There are challenges in raising grandchildren for both the grandparents and the children themselves. No matter the events leading up to the decision, the children will have gone through disruption to their lives. They may be in deep grief or be feeling abandonment. They will have physical and emotional needs—gaps that need filling.
You, too, will have needs. You’ll need to deal with the realities of starting over again in the child-rearing process. You’ll need to take care of yourself physically, emotionally and count the cost financially.
Physically: Take good care of your own physical needs. Get proper rest and nutrition. Take some time out of a full schedule to relax. Stay current in check-ups and any health concerns.
Emotionally: Be honest about the cost to you emotionally. You, too, have had your life disrupted and are giving up some of the benefits of those “golden years” to take care of these grandchildren.
Financially: There will be strains on your bank account whether you are taking on the entire burden, or there are resources from the parents or other family members.
Here is a list of things you can do to get started off on the right foot with the huge task of taking your grandchildren into your home.
1) Set routines and stick to them. Children will do better when meals, bedtimes, homework and play times are scheduled regularly. Make sure there are fun times in the schedule, and leave time for free, creative play that allows children to use their imaginations. Limit television and video game times.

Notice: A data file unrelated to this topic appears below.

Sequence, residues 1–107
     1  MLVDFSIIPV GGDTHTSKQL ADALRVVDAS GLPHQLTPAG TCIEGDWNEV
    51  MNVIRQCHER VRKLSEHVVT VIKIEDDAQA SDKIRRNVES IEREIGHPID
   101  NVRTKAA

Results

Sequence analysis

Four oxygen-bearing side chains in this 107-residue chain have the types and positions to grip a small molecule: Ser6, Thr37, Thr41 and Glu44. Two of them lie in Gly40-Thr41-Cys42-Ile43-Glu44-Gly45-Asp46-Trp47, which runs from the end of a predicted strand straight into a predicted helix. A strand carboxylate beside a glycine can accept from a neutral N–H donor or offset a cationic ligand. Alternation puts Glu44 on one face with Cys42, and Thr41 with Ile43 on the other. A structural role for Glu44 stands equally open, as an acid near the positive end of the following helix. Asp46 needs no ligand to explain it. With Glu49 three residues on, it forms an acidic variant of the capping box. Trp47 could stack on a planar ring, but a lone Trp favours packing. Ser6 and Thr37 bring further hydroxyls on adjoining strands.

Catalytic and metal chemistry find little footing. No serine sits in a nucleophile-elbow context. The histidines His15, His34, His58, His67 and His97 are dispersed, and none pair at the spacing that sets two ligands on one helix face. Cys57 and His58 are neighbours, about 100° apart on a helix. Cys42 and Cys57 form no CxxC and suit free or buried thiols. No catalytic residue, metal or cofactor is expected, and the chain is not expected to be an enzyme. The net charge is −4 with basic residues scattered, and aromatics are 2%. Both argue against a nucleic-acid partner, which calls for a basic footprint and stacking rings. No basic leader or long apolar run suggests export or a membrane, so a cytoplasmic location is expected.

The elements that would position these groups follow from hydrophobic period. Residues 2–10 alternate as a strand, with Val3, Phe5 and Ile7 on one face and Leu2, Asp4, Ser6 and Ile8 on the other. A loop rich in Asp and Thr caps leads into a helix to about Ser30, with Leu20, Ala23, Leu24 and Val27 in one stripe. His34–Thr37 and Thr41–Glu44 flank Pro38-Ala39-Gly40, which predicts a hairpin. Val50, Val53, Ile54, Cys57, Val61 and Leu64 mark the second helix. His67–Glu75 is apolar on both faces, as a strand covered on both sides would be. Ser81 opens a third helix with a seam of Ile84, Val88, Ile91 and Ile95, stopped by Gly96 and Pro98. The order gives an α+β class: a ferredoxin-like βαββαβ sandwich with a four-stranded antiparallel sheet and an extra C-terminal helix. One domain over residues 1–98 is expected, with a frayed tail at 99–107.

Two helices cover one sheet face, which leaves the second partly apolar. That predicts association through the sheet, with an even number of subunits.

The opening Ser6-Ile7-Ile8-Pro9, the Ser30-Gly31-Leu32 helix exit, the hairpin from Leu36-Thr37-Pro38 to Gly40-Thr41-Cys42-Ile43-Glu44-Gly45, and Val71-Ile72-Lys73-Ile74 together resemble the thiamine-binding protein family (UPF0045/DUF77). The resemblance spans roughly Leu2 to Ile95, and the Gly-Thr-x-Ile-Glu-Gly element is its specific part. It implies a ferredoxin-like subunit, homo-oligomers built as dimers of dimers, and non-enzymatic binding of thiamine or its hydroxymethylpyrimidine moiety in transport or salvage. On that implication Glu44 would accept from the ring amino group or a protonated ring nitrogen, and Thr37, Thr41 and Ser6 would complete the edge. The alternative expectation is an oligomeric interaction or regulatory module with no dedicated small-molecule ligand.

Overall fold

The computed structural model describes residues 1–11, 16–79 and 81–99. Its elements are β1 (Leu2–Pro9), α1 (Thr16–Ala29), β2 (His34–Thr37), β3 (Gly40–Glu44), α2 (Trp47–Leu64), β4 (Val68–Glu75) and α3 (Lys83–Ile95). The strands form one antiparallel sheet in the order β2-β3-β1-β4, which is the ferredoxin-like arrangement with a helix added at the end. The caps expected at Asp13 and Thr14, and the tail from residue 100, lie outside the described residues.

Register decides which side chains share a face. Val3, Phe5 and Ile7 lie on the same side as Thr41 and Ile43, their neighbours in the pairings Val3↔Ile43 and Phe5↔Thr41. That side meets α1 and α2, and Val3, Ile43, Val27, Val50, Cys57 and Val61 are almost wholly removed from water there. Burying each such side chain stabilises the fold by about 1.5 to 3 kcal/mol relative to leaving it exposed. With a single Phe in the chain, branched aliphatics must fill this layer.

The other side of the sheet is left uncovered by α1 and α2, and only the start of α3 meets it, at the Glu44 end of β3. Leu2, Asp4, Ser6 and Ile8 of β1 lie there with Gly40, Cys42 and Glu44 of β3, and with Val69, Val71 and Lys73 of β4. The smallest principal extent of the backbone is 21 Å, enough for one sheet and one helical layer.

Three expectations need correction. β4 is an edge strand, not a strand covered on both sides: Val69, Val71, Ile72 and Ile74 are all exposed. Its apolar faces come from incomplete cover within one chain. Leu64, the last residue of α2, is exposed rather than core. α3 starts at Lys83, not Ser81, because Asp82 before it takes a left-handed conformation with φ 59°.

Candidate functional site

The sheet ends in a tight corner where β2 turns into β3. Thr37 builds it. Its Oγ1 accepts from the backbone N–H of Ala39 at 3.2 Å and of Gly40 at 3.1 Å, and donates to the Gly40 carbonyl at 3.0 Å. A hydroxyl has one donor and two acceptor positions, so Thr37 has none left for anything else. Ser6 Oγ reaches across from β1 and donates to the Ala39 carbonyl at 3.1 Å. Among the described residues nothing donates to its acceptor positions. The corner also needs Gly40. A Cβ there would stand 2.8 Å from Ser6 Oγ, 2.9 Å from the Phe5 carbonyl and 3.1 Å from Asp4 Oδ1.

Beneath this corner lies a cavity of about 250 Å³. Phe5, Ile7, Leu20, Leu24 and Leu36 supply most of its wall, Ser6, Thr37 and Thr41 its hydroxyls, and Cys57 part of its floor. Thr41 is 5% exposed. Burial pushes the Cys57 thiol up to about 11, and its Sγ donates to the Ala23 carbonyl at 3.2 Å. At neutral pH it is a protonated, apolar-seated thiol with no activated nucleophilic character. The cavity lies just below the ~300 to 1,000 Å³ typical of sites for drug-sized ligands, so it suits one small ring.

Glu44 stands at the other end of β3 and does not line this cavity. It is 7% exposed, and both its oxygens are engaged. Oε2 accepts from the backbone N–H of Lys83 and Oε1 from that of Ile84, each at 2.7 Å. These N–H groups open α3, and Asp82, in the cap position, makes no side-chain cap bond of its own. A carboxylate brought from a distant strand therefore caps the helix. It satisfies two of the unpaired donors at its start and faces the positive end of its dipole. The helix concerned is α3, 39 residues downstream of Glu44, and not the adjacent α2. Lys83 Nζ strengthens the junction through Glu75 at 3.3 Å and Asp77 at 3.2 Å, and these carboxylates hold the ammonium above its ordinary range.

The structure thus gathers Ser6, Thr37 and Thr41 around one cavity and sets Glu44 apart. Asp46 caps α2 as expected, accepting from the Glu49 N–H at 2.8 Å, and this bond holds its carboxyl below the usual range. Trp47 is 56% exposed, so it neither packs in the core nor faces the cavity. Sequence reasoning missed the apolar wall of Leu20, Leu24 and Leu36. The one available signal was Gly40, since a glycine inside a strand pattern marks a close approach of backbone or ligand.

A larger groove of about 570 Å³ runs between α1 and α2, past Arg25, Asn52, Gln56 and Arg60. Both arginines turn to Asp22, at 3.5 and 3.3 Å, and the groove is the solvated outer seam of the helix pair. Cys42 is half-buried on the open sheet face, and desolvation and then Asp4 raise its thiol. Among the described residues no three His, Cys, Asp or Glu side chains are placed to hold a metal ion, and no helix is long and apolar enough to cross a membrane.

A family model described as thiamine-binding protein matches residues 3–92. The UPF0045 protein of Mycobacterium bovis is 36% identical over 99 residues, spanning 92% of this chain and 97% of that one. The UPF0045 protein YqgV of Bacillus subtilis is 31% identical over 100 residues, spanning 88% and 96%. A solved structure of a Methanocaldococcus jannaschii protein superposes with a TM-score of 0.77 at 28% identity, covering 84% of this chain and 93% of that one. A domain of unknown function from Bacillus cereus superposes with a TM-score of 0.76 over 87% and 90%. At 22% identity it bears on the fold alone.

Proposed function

2) Create space especially for the children. This may be a bedroom space or an area of the living or family room where the children have some ownership.
3) Listen to them. Give them time to talk about their thoughts, their fears, their troubles and their joys.
4) Set a few clear rules and enforce them consistently. Typically children in transition have had inconsistent expectations and are easily confused about what is okay and what is not.
5) Be quick to reward good behavior and minimize the negatives. Children need to know they’re loved all the time no matter what their behavior. Make infraction of rules a time to teach. Consequences must be free of high emotion and must be in line with the severity of the poor behavior. Make a way for children to compensate for the wrong they’ve done.
6) Be as involved in their school experiences as possible. Take advantage of school supports such as counselors, after-school classes, sporting events, carnivals, and whatever else the school does to help family life thrive.
7) Seek out a larger social group to belong to as a family. This may be a church or a social club, a hobby group or a sporting group.
8) Seek the help of professionals when necessary. Children may benefit from counseling sessions to help them deal with their sadness and their problems.
Raising grandchildren can be stressful, but it can also offer opportunities for great joy and satisfaction. The bond between the generations can be stronger than imagined. And grandparents have the added benefit of years of experience and wisdom gained by living their own lives well.
You’re raising your grandchildren? Good for you. Enjoy every day and every experience, because as you well know, the time flies by.